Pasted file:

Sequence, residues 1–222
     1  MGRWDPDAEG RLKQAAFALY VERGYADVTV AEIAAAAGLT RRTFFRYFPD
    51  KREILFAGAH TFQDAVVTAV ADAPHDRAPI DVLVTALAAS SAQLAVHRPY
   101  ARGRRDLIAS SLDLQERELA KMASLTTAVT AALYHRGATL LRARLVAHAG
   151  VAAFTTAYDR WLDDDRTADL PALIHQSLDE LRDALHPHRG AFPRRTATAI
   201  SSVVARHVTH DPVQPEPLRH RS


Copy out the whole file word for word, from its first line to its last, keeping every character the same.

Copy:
Sequence, residues 1–222
     1  MGRWDPDAEG RLKQAAFALY VERGYADVTV AEIAAAAGLT RRTFFRYFPD
    51  KREILFAGAH TFQDAVVTAV ADAPHDRAPI DVLVTALAAS SAQLAVHRPY
   101  ARGRRDLIAS SLDLQERELA KMASLTTAVT AALYHRGATL LRARLVAHAG
   151  VAAFTTAYDR WLDDDRTADL PALIHQSLDE LRDALHPHRG AFPRRTATAI
   201  SSVVARHVTH DPVQPEPLRH RS